The fact is that slavery disappeared only as industrial capitalism emerged. And it disappeared first where industrial capitalism appeared first: Great Britain. This was no coincidence. Slavery was destroyed by capitalism.
To begin with, the ethical and political principles that support capitalism are inconsistent with slavery. As we Americans discovered, a belief in the universal dignity of human beings, their equality before the law, and their right to govern their own lives cannot long coexist with an institution that condemns some people to bondage merely because of their identity.
But even on purely economic grounds, capitalism rejects slavery because slaves are productive only when doing very simple tasks that can easily be monitored. It’s easy to tell if a slave is moving too slowly when picking cotton. And it’s easy to speed him up. Also, there’s very little damage he can do if he chooses to sabotage the cotton-picking operation.
Compare a cotton field with a modern factory — say, the shipyard that my father worked in as a welder until he retired. My dad spent much of his time welding alone inside of narrow pipes. If you owned the shipyard, would you trust a slave to do such welding? While not physically impossible to monitor and check his work, the cost to the shipyard owner of hiring trustworthy slave-masters to shadow each slave each moment of the day would be prohibitively costly. Much better to have contented employees who want their jobs — who are paid to work and who want to work — than to operate your expensive, complicated, easily sabotaged factory with slaves.
Finally, the enormous investment unleashed by capitalism dramatically increases the demand for workers. (All those factories and supermarkets must be manned.) Even if each individual factory owner wants to enslave his workers, he doesn’t want workers elsewhere to be enslaved, for that makes it more difficult for him to expand his operations. As a group, then, capitalists have little use for slavery.
History supports this truth: Capitalism exterminated slavery.
It is entirely possible that capitalism as we know it was only made possible by slavery on the American continent, implemented on a scale rarely, if ever, seen before. One of the areas in which it was used, extensively, was in the labour-intensive production of cotton. This cotton in turn provided the inputs to meet the insatiable demand for raw material from the textile industry of early-industrial Lancashire. Without the cotton, the textile industry could not have existed and it’s workers and capitalists would have had to remain on the land.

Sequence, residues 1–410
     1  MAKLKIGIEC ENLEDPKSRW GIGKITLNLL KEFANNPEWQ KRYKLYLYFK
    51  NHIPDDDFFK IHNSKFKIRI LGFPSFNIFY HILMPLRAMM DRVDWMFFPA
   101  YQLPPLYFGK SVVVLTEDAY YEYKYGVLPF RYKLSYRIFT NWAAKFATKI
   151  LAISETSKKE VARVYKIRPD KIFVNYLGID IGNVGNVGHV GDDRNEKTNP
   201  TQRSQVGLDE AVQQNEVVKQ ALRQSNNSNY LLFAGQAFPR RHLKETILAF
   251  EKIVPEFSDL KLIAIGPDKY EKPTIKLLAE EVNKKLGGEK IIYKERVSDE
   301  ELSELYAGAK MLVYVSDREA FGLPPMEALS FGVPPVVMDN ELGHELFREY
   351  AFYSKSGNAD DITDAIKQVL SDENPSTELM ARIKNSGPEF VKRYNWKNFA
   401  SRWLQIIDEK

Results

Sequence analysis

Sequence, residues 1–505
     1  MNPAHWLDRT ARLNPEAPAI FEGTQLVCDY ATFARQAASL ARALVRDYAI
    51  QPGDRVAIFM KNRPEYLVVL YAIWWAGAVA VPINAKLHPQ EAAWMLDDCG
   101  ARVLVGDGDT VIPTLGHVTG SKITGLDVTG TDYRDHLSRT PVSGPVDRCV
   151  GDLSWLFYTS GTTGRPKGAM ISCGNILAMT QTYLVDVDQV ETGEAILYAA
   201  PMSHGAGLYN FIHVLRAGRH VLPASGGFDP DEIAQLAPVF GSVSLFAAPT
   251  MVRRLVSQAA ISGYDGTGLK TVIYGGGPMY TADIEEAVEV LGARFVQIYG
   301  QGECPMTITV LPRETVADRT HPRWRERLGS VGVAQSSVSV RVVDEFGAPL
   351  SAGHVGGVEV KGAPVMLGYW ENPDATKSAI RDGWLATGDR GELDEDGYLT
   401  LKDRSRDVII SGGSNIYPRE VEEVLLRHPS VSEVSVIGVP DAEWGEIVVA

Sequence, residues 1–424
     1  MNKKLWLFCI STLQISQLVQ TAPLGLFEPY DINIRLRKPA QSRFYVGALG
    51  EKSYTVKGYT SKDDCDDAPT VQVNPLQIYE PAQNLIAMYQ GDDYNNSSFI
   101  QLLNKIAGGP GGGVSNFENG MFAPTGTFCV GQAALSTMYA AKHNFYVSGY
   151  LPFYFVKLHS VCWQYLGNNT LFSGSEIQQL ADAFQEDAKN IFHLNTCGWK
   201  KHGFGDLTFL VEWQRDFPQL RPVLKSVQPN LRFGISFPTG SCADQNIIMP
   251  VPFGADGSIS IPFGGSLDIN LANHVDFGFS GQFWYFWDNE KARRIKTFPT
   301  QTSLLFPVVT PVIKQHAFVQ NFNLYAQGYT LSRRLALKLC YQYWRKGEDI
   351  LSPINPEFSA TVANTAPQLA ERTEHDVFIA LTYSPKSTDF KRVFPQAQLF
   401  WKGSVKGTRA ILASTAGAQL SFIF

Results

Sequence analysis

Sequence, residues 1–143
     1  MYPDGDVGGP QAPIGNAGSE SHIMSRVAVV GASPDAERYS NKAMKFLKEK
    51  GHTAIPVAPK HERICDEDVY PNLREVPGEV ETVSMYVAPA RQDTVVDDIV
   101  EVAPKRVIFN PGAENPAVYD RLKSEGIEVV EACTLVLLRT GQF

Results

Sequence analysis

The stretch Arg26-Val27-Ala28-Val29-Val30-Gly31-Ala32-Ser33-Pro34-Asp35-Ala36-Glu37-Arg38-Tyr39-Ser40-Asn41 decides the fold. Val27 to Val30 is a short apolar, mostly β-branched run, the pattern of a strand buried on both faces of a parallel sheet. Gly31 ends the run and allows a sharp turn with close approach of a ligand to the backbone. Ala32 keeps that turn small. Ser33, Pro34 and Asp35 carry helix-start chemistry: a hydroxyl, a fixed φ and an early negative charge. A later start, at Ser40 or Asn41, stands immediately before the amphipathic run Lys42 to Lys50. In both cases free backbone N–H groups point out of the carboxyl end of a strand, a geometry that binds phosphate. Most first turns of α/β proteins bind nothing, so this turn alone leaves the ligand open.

However, once advanced market systems had been established and large numbers of people escaped from a Malthusian subsistence farming existence, could it be that capitalism and commerce is a force for increasing human freedom?
Certainly industrialisation and the increase in productivity via through the use of machinery and fossil fuels would have rendered this inhumane practice much less economically valuable. For some people the very idea of capitalism helping to end oppression may seem counter-intuitive and perhaps even distasteful. But is it possible, that the ever-rising tide of prosperity, powered by compounding annual (recessions excepted) economic growth from ever-more sophisticated trade, creates ever more scope for progressive causes to achieve success? Do periods of market-led growth lay the foundations for further human-emancipation, perhaps by freeing the hands of campaigners for just causes?
And what are the most pressing causes of our time? Are they the issues that affect us only in the West? Or should we broaden our horizons to include those afflicting several billion of the world’s population still languishing in poverty?
William Gibson once said that “The future is here. It’s just not evenly distributed yet”. The last 20 years have seen an unprecedented explosion in innovation in telecommunications and internet technologies connecting people around the globe as never before – distributing the sum total of the world’s knowledge to anyone with a mobile phone or computer and broadband connection. It wasn’t that long ago that economists thought developing economies couldn’t sustain industrial economies. The introduction of 3 billion new citizens into the capitalist system since 1990, and the surge in growth rates across South East Asia and Latin America have lifted hundreds of millions of people out of subsistence poverty. Although often experienced as a threat by us in the West, it must surely feel incredibly liberating for them.